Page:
Detached signature ambiguity
nicholas.cole at gmail.com
Tue Nov 11 07:38:28 CET 2014
On Mon, Nov 10, 2014 at 12:25 PM, Peter Lebbing <peter at digitalbrains.com> wrote:
> On 10/11/14 13:03, Nicholas Cole wrote:
>> But in fact, it is the fact that scripts depend on this that made me
>> think that this might be a case where things *should* get broken,
>> because this is actually a serious security flaw, and the scripts in
>> question need fixing. In many cases, no one is going to be around to
>> read the warning you suggest.
> Hmmm, very solid point... unfortunately :(. Not a pretty situation to be
> in at all...
> It still suggests to me it should only break when normally there would
> be a detached signature verified (i.e., without the .sig extension) but
> it is not because it is not a detached signature. I suppose these
> scripts wouldn't work anyway when files are named as in my problematic
> So simply returning error in the case where there /is/ a full match
> seems to fix the scripting case. It still leaves the user-driven case,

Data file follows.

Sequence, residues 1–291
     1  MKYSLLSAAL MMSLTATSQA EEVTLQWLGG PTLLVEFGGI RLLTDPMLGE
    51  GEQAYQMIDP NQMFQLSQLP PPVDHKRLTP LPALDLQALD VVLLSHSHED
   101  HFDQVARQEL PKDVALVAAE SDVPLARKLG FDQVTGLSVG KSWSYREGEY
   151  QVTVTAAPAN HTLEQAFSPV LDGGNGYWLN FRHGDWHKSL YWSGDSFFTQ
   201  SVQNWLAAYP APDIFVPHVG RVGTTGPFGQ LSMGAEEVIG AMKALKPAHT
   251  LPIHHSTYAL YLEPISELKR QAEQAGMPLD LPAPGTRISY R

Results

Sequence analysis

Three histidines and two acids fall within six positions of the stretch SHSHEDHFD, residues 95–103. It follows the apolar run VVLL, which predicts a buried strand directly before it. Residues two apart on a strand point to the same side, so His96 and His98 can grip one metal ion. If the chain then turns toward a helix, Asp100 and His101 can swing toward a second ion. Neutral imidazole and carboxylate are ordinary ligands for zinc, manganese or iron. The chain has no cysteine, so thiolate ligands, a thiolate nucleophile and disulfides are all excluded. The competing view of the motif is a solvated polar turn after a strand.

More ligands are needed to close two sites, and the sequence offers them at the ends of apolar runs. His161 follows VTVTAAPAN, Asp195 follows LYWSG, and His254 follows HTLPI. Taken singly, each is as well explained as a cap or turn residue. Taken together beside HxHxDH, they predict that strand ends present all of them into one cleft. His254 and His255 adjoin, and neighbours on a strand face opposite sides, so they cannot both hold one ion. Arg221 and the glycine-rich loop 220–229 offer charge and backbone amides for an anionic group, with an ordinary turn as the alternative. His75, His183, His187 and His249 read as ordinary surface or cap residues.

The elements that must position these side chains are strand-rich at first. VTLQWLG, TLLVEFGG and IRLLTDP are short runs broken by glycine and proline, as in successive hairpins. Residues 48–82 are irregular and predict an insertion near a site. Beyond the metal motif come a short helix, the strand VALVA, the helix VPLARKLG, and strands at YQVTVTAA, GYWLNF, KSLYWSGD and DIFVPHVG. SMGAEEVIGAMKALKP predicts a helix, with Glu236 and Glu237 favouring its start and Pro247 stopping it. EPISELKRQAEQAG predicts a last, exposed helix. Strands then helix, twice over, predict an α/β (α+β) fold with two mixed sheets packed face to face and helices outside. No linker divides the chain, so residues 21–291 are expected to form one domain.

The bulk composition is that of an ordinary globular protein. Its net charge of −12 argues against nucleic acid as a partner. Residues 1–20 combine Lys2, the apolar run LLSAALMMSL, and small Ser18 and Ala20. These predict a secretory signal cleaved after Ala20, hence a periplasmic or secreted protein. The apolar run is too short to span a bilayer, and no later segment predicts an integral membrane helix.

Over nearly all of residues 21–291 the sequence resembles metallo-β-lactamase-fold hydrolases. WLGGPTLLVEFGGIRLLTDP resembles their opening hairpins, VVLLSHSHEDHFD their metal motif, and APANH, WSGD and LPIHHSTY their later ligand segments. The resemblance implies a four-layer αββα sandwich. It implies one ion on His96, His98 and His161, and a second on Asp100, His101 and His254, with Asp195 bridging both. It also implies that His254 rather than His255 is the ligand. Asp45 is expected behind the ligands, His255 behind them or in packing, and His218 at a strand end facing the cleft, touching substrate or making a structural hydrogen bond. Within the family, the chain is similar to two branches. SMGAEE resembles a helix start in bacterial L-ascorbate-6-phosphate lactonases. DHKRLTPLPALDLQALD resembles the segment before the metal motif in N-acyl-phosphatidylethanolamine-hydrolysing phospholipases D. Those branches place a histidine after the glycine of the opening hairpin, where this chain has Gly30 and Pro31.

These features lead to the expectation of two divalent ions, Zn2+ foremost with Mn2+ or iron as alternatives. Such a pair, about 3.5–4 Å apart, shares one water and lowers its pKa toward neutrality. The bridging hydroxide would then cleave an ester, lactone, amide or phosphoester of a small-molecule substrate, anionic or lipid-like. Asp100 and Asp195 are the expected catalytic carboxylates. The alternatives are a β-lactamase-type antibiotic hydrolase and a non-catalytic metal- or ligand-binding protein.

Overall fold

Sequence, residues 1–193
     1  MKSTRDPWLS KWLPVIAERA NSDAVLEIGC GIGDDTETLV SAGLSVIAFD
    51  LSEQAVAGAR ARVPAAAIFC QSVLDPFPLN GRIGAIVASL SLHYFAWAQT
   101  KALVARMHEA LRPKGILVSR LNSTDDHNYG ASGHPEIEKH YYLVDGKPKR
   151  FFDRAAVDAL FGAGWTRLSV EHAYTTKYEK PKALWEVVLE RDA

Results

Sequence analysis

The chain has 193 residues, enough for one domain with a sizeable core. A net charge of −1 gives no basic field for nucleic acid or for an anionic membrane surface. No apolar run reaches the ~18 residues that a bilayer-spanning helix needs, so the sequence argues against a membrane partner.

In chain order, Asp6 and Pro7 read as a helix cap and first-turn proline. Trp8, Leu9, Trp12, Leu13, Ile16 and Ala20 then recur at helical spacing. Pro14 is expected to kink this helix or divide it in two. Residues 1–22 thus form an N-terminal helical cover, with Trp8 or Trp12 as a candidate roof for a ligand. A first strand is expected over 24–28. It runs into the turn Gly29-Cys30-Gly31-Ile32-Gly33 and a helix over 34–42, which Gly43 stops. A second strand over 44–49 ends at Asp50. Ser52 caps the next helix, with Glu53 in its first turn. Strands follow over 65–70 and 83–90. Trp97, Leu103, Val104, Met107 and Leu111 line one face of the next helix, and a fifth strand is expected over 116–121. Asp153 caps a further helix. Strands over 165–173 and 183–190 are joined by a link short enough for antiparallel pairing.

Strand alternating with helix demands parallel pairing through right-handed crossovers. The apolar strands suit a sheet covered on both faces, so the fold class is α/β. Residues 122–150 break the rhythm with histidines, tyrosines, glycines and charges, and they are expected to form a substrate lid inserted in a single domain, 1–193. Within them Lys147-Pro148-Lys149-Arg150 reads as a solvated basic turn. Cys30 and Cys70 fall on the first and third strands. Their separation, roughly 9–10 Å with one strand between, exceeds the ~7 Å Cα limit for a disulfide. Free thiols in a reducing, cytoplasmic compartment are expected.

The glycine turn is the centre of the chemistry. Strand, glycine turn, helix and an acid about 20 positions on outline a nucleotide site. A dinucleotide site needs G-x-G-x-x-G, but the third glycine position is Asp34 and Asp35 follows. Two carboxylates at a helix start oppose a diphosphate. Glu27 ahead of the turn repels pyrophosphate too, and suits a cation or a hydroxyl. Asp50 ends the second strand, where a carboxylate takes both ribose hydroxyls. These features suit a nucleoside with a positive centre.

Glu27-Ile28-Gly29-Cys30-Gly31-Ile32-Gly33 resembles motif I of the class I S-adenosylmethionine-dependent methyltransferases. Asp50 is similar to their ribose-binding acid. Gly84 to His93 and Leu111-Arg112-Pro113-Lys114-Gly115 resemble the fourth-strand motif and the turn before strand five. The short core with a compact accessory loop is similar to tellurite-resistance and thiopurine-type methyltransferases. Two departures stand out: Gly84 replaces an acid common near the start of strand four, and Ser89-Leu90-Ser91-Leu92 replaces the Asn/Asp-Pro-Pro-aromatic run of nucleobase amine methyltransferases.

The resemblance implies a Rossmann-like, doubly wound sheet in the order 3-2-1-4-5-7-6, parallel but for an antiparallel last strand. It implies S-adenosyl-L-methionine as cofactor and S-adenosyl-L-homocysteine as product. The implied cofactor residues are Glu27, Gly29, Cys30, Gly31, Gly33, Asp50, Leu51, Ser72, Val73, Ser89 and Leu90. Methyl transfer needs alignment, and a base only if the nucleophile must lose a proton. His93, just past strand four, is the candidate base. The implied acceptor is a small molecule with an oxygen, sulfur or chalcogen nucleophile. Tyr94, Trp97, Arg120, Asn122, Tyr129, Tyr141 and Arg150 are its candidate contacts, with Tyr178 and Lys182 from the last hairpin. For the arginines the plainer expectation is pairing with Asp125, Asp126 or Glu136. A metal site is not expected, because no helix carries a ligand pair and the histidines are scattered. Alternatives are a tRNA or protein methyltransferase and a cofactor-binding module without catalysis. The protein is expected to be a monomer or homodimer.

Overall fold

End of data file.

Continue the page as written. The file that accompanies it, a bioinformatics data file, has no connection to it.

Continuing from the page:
> because the user can still be foiled by a single-character change.
> It might be possible for an attacker to force a signature verification
> failure of a script if he can name files in the same directory. Suppose
> a script is supposed to verify ledger.csv.asc, which is /not/ a detached
> signature, but simply has the data embedded. An attacker could create a
> file in the same dir with the name ledger.csv and cause the ambiguity
> detecting mechanism to trigger falsely, leading to signature
> verification failure. Whether this is a real issue, I don't know.
In my view, the long experience of bugs like this suggests that it is
better to live with the short-term pain of breaking things in order to
get a robust solution, than to fix a solution in various ingenious
ways that themselves introduce a whole series of corner-cases and
opportunities for exploitation. I hate breaking backwards
compatibility normally, but this seems like such a fundamental problem
I don't know what to do about it.
I *suppose* a fix would be to:
- introduce two new commands along the lines I suggested.
- make the old verify command:
1. Refuse to verify a detached signature without a .sig extension
2. Refuse to verify a non-detached-signature contained in a file with
a .sig extension.
But I don't like the solution, really. It introduces code that has to
be maintained, and sill leaves users vulnerable to tricks involving
unicode etc., so that the security it provides is itself an illusion.
In my view it is much better just to break the old --verify command
completely. Scripts that are maintained will have a simple fix, and
scripts that are not will no longer give a completely false sense of
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